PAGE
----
Goldman’s Contrarian View on South Africa’s Rand

JOHANNESBURG (Capital Markets in Africa) – There’s still some momentum left in South African rand’s rally, according to Goldman Sachs Group Inc.

The 148-year-old Wall Street lender predicts the currency will extend its 17 percent gain since the beginning of 2016 to end the year at 13 per dollar, a level last seen in 2015. That’s a view shared by only three out of 26 analysts in a Bloomberg survey: the median forecast is for the currency of Africa’s biggest economy is to weaken about 9 percent to 14.61, from 13.30 on Wednesday.

These four charts explain why Goldman is constructive on the rand and South African bonds.

Trend Reversal
The rand had weakened on a trend basis for five years through 2015, both against emerging-market peers and other South African asset classes, as the country’s trade balance worsened, the economy slowed and political risks increased. Since 2016, the currency has bucked the trend, outperforming peers for the first time in six years. 

While some of those gains could be seen as a reversal from a slump caused by the firing of Finance Minister Nhlanhla Nene in December 2015, the magnitude of the recovery may represent a structural shift, Andrew Matheny, a Moscow-based economist at Goldman, wrote in a Jan. 23 report.

“Most of the headwinds to the rand in the period from 2011-2015 are now fading, with the macro outlook improving and with space remaining for political risk to re-price lower,” Matheny said. “This argues for a cyclically and structurally more positive view on the rand.”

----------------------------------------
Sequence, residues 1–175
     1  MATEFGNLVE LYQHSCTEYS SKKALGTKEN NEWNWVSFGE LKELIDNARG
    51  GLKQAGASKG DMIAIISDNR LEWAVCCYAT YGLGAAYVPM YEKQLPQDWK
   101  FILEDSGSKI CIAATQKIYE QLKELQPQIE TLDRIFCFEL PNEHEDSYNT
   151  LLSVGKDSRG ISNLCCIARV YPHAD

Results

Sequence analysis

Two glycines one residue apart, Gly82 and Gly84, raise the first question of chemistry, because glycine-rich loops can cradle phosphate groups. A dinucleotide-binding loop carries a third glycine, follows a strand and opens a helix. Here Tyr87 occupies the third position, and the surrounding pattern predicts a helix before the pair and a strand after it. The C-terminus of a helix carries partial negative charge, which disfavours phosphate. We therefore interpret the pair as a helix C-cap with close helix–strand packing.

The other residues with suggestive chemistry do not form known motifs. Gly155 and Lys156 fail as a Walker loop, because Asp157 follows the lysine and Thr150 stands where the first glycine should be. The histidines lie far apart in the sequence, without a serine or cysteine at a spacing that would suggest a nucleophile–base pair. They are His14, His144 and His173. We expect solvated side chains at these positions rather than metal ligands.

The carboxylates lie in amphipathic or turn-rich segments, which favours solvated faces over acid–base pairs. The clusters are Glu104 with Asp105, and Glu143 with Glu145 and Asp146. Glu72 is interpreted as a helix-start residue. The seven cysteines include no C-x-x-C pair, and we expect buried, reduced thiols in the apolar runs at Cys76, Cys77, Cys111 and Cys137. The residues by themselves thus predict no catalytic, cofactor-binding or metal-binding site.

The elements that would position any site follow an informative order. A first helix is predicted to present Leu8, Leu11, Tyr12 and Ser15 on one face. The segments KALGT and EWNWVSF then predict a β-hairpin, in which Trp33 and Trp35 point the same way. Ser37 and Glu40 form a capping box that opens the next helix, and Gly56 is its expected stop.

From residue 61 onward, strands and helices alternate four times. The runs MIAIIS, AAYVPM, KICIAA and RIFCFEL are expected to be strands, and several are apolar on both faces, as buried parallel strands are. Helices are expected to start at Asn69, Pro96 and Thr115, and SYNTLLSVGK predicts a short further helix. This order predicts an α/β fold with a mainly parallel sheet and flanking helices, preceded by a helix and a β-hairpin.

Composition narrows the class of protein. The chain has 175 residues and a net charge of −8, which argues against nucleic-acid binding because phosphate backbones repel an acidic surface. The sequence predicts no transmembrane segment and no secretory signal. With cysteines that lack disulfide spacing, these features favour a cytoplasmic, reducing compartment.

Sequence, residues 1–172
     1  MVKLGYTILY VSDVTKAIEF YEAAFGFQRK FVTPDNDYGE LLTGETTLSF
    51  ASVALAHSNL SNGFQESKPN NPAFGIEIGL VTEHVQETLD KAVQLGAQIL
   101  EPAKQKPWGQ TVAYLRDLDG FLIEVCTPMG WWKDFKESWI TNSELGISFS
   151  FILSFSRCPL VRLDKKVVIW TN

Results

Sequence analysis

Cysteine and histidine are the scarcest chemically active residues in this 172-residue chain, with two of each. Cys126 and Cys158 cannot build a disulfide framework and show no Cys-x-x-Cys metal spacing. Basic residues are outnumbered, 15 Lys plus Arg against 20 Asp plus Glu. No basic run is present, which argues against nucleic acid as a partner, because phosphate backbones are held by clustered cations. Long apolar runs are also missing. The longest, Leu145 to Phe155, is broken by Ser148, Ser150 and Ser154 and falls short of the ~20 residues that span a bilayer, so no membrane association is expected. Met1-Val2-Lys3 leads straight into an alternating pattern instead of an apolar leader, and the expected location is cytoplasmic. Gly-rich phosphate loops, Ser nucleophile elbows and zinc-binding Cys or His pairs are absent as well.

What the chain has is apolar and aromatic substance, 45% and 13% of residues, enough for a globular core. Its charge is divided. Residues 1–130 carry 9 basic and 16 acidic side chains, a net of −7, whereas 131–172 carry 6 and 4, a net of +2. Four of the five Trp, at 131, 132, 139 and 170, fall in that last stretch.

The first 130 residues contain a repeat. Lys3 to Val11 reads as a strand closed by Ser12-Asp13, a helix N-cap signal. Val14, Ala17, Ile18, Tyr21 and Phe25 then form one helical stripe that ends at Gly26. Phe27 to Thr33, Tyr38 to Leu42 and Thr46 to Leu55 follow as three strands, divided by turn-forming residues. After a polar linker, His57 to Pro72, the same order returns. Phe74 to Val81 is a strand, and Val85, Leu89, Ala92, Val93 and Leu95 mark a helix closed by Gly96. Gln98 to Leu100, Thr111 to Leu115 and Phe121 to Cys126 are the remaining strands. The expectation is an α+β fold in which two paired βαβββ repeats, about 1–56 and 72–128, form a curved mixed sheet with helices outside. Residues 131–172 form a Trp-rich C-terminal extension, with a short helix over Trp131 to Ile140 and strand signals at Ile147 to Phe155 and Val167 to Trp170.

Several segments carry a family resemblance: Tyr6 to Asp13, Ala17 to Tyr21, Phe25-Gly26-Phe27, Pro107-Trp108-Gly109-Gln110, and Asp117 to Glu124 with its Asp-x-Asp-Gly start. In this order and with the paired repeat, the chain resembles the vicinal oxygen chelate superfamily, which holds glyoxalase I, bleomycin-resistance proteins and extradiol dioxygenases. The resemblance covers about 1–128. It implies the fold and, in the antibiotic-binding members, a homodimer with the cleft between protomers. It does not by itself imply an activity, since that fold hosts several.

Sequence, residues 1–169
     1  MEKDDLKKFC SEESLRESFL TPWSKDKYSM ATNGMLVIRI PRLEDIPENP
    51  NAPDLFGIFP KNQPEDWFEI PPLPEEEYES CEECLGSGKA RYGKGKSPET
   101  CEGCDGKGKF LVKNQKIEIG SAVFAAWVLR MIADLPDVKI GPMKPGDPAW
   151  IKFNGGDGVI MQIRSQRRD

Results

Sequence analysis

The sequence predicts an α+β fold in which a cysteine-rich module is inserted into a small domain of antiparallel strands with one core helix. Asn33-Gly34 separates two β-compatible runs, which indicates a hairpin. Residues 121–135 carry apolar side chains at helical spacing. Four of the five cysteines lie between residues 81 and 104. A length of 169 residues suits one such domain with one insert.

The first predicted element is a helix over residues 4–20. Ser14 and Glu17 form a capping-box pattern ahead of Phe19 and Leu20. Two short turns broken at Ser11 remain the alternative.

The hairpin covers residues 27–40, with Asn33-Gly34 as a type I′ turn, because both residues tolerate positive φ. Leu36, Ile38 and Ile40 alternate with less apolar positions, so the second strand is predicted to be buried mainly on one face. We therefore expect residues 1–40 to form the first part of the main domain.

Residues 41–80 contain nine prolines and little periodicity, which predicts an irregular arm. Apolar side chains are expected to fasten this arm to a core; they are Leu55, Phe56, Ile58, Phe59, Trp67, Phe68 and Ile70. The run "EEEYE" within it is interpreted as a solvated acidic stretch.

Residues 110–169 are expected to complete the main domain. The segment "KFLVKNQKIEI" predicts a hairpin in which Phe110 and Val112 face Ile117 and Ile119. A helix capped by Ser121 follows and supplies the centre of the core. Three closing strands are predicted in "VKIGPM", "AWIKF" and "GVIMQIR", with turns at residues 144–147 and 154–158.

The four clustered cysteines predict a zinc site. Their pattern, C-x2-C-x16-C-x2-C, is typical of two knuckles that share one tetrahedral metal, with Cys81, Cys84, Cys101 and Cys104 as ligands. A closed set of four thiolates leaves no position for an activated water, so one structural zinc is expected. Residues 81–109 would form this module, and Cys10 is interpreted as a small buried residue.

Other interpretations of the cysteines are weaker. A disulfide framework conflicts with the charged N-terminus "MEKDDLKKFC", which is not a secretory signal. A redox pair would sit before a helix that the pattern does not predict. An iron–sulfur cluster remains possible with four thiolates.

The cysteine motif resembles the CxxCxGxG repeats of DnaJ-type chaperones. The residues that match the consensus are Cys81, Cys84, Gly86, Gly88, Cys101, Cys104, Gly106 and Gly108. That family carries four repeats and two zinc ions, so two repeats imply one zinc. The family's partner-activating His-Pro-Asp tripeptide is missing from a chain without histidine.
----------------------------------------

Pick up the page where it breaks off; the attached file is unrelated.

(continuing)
Economy’s Gains
South Africa’s economic growth is forecast to accelerate this year after the country barely avoided a recession in 2016. More importantly for the rand, the current-account deficit is narrowing while the real interest rate — the difference between the policy rate and the inflation rate — is rising after the central bank tightened policy by 200 basis points in two years. That makes the rand less vulnerable to capital outflows as U.S. yields rise.

Political Risk Fades
The rand slumped to a record after President Jacob Zuma unexpectedly fired Nene in December 2015 and replaced him with a little-known lawmaker, an event now referred to as “Nenegate”. Though Zuma was forced to recant, re-appointing the respected Pravin Gordhan to the position that he held from 2009 to 2014, worries about the president’s commitment to fiscal discipline persisted.

Credit-default swap spreads — though still higher than those of similarly rated peers — have returned to pre-“Nenegate levels”, indicating that political risks are subsiding, Matheny said.

“Further re-pricing lower by the market of political risk could imply a further 4 percent to 5 percent upside for the rand,” Matheny said.

Global Environment
South Africa’s terms of trade — a measure of the value of a country’s exports versus its imports — improved in 2016 as commodity prices recovered. Raw materials including precious and industrial metals and coal account for about 60 percent of South Africa’s exports, while it is a net importer of oil.

“Over the course of 2016, higher bulk and precious metals prices implied an improvement in South Africa’s terms of trade and thereby also contributed significantly to the strengthening of the rand,” Matheny said. “With global growth improving, we see near-term risks to bulk commodity prices as tilted to the upside,” implying the rand is poised for more gains, he said.

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